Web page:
Hongbo Miao Hongbo Miao - 2 months ago 4
Javascript Question

How does two continuous equal in JavaScript work?

Basically, the line of code

curr = curr[ch] = curr[ch] || {}
sets variable
ch
as key of the object and set
{}
as the value of the object, then point to its child reference.

But can someone explain in detail how it works? Thanks

http://jsbin.com/gokapoc/1/edit?js,console

let root = {};
let curr = root;

let ch = 'a';
curr = curr[ch] = curr[ch] || {};
ch = 'b';
curr = curr[ch] = curr[ch] || {};
ch = 'c';
curr = curr[ch] = curr[ch] || {};

console.log(root);


It will show the result:


{
a: {
b: {
c: {}
}
}
}


Answer

Let’s do a walk through. I added parentheses to make things more clear – they don’t change the meaning.

let root = {};
let curr = root;

Nothing difficult until now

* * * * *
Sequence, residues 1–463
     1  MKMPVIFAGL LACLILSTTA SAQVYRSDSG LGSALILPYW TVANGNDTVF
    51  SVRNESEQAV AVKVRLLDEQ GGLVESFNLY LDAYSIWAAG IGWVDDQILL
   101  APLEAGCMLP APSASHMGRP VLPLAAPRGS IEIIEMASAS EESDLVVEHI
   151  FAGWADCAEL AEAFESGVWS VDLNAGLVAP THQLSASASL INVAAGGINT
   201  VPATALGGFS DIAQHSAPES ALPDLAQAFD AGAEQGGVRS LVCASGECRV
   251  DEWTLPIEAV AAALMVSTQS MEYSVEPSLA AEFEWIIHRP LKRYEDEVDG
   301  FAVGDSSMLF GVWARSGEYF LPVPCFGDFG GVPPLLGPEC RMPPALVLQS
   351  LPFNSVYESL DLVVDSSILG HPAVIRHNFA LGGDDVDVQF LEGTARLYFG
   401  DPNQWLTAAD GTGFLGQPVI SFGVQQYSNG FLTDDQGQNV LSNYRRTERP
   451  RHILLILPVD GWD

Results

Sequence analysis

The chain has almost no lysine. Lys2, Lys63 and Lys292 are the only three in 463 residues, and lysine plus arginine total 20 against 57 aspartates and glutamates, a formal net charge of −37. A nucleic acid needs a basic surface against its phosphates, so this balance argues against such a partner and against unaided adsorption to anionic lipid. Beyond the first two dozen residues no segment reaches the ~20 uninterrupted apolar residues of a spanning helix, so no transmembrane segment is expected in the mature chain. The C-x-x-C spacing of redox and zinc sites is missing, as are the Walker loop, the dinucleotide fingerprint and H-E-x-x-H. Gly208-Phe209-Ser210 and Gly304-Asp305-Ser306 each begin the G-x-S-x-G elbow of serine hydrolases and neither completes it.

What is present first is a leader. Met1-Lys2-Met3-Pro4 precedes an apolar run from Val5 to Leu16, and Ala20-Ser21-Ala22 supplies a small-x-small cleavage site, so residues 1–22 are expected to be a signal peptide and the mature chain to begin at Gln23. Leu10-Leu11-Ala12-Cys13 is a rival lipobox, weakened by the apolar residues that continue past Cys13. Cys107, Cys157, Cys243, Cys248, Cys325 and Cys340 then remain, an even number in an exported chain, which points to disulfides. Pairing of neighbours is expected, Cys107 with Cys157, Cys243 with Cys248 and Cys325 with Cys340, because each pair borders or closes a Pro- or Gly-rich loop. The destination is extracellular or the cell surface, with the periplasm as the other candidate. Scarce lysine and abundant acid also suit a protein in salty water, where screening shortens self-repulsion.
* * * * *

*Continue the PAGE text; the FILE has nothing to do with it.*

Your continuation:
let ch = 'a';
curr = (curr[ch] = (curr[ch] || {})); 

Okay, so curr[ch] is undefined at the moment because there’s no property a (ch’s value at the moment) in curr which points to the same object as root. Therefore the most inner parentheses evaluates to {}.

This value is assigned to curr[ch]. So obviously there’s a property a in the root object now.

Finally, this object (root.a) is assigned to curr, because the assignment in the outer parentheses returns the assigned value, which is the object at property a.

ch = 'b';
curr = (curr[ch] = (curr[ch] || {}));

Basically the same as before, just important to note that curr is not root here but the same object to which root.a points. In the end curr will point to the same object as root.a.b.

ch = 'c';
curr = (curr[ch] = (curr[ch] || {}));

Yeah, and this should be clear by now.

Very compact but not very clear code.

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